Unformatted text preview: I P ART I Human Rights and Public Health In exploring the connection between health and human rights, we propose three relationships, each of which focuses on an important aspect of this critical linkage. These relationships are outlined in broad terms in the first article in this section, "Health and Human Rights," the inaugural article of the journal Health and Human Rights. This article provides a framework and basis for considering the health and human rights nexus explored throughout this reader. > HR The first relationship, which can be diagrammed simply as H concerns the potential impacts of health policies, programs, and practices on human rights. As described in Part 1 , recognition of the complementarity of 1 public health goals and human rights norms can lead to more effective health policies and programs. The challenge is to negotiate the optimal balance between promoting and protecting public health and promoting and protecting human rights. The second relationship, which can be diagrammed equally simply as H< HR, expresses the idea that violations or lack of fulfillment of any and all human rights have negative effects on physical, mental, and social well-being (health). This is true in peacetime and, of course, in times of conflict and extreme political repression. The articles in Part I11 explore this relationship. HR, conThe third relationship, which can be diagrammed as H <-> veys the idea of inextricable connection. The central idea of the health and human rights movement is that health and human rights act in synergy. Promoting and protecting health requires explicit and concrete efforts to promote and protect human rights and dignity, and greater fulfillment of human rights necessitates sound attention to health and to its societal determinants. PART1: HUMAN IGHTSAND PUBLIC EALTH R H As an entry to the world of health and human rights thinking and action, the chapters in this section also include a primer on public health and one on human rights. These chapters are drawn from a manual intended for use by people in the fields of public health and human rights in order to provide agfficient knowledge of each field to facilitate a practical working relation; ?shipbetween them. Since this reader is intended for people interested in one or both of these domains, we hope that even those already familiar with either public health or human rights will read these introductory chapters, which set the stage for consideration of the complex and fascinating health and human rights paradigm. Health and Human Rights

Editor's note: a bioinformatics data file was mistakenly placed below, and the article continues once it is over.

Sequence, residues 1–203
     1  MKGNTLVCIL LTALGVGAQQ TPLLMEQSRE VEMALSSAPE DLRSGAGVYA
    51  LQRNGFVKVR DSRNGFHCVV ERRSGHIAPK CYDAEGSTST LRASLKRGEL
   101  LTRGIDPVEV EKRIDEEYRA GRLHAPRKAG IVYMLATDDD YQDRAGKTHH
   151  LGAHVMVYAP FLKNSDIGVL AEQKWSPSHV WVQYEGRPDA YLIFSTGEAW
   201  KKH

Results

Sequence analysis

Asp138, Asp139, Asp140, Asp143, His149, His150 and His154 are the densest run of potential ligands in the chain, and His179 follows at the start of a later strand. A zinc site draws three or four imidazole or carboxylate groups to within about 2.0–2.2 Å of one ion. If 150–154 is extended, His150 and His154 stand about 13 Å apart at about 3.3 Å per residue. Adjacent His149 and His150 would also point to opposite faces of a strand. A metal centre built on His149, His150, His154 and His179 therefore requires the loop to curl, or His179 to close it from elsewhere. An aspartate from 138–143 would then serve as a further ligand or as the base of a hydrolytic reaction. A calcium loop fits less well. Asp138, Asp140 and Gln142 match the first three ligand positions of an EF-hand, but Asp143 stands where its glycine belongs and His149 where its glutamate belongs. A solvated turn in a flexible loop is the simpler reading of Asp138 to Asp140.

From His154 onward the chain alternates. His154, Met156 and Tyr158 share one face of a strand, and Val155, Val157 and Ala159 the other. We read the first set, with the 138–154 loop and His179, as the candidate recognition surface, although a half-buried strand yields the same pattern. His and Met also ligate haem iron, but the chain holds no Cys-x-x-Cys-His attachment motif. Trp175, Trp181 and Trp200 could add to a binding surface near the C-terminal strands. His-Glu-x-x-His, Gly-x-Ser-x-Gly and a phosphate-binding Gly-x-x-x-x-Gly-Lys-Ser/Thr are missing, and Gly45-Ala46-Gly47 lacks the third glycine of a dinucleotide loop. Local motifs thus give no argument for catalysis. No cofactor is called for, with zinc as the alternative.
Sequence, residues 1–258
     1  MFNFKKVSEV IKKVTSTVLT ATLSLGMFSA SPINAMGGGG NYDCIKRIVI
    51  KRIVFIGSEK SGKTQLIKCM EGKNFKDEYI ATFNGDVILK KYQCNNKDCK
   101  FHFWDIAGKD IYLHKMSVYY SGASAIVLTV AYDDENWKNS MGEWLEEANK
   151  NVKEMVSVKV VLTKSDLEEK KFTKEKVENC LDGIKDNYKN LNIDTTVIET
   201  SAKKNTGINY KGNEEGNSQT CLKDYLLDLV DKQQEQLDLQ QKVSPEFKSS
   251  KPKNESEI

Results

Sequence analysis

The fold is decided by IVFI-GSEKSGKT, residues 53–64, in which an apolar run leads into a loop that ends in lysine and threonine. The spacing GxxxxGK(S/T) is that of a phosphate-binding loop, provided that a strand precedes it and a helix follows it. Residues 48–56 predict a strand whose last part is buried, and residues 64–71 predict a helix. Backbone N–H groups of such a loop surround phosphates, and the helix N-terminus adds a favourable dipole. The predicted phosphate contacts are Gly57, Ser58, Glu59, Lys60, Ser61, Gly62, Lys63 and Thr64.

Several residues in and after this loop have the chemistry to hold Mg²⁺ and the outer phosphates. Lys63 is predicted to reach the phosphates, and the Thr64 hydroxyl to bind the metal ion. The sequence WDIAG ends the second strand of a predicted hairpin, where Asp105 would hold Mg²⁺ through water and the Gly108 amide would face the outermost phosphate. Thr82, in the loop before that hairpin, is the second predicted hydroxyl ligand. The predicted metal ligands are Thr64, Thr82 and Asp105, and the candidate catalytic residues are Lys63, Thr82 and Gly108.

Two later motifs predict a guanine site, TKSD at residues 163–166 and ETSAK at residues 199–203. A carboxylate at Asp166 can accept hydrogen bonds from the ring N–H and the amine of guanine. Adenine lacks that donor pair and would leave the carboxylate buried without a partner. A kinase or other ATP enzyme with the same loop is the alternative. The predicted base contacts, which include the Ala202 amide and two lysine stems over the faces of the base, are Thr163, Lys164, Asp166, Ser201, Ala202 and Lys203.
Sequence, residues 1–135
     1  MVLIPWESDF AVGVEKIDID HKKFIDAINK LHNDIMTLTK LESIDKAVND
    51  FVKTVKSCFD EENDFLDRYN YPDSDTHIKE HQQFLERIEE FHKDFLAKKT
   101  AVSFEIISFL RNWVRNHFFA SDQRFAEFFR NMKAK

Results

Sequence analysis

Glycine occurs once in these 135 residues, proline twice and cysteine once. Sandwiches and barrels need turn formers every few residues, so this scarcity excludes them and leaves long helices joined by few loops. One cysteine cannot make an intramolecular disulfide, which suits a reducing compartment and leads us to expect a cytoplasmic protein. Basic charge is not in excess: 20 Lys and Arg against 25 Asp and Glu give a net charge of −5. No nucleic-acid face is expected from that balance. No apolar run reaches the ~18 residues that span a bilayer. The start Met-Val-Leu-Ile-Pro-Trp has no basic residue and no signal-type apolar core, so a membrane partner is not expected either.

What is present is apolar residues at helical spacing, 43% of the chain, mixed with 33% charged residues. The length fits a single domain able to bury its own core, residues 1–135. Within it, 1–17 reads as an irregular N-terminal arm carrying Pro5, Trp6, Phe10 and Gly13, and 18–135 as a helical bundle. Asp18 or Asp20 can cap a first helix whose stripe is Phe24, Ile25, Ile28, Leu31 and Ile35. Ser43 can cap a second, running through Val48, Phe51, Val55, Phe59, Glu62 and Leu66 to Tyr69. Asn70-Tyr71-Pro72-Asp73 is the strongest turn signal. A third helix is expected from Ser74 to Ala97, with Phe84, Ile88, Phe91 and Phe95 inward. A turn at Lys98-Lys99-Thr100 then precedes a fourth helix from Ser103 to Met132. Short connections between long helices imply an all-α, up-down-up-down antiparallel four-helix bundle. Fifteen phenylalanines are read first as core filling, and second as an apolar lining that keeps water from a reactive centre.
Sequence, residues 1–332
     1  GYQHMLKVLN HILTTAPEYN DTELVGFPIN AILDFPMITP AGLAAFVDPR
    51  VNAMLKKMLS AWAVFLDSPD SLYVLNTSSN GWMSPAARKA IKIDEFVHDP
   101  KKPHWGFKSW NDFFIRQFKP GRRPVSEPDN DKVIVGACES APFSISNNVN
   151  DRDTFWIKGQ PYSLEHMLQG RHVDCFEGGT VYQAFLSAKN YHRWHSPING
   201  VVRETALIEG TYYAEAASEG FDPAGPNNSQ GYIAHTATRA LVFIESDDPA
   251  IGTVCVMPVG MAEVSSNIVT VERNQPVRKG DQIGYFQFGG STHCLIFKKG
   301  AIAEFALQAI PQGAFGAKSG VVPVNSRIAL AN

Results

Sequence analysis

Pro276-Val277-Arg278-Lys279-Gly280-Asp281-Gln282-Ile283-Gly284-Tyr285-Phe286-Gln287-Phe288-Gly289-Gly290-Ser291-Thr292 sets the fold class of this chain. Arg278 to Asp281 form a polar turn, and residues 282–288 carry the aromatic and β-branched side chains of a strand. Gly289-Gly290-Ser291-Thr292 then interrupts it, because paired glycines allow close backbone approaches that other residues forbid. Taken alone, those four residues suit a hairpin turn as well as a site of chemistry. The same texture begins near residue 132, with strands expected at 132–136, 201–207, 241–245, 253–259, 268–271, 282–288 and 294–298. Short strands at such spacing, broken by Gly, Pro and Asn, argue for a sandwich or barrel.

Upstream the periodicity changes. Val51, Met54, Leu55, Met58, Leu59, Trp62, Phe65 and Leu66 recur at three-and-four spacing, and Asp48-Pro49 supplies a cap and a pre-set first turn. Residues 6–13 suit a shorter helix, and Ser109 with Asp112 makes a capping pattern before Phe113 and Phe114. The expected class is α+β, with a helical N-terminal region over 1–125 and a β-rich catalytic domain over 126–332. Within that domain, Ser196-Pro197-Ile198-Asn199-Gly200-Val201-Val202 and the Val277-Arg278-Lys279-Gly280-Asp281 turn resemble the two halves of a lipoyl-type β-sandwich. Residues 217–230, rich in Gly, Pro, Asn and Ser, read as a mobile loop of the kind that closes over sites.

Jonathan M. Mann, Lawrence Gostin, Sofia Gruskin, Troyen Brennan, Zita Lauarini, and Harvey Fineberg 1 . Health and human rights have rarely been linked in an explicit mannel: With few exceptions, notably involving access to health care, discussions about health have not included human rights considerations. Similarly, except when obvious damage to health is the primary manifestation of a human rights abuse, such as with torture, health perspectives have' been generally absent from human rights discourse. Explanations for the dearth of communication between the fields of health and human rights include differing philosophical perspectives, vocabularies, professional recruitment and training, societal roles, and methods of .work. In addition, modern concepts of both health and human rights are complex and steadily evolving. On a practical level, health workers may wonder about the applicability or utility ("added valuey'),let alone necessity, of incorporating human rights perspectives into their work, and vice versa. In addition, despite pioneering work seeking to bridge tlus gap in bioethics,l jurisprudence,2 and public health law,3 a history of conflictaal relationships between medicine and law, or between public health officials and civil liberties advocates, may contribute to anxiety and doubt about the potential for mutually beneficial collaboration. Yet health and human rights are both powerful, modern approaches to defining and advancing human well-being. Attention to the i nterse~tion of health and human rights may provide practical benefits to those engaged in health or human rights work, may help reorient thinking about major global health challenges, and may contribute to broadening human rights thinking and practice. However, meaningful dialogue about interactions between health and human rights requires a common ground. To this end, following a brief overview of selected features of modern health and human rights, this chapter proposes a provisional, mutually accessible framework for Mann e t al. Health and Human Rights structuring discussions about research, promoting cross-disciplinary education, and exploring the potential for health and human rights collaboration.
MODERN CONCEPTS OF HEALTH Modern concepts of health derive from two related although quite different disciplines: medicine and public health. While medicine generally focuses on the health of an individual, public health emphasizes the he...
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This note was uploaded on 03/22/2009 for the course PHIL 163 taught by Professor Wong,d during the Spring '08 term at Duke.
- Spring '08